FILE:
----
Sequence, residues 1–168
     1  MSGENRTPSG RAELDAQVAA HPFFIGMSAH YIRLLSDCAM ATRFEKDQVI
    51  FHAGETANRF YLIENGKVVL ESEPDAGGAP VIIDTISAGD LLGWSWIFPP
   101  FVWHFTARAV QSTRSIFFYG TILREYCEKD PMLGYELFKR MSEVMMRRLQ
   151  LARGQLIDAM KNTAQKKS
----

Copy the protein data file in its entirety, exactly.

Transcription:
Sequence, residues 1–168
     1  MSGENRTPSG RAELDAQVAA HPFFIGMSAH YIRLLSDCAM ATRFEKDQVI
    51  FHAGETANRF YLIENGKVVL ESEPDAGGAP VIIDTISAGD LLGWSWIFPP
   101  FVWHFTARAV QSTRSIFFYG TILREYCEKD PMLGYELFKR MSEVMMRRLQ
   151  LARGQLIDAM KNTAQKKS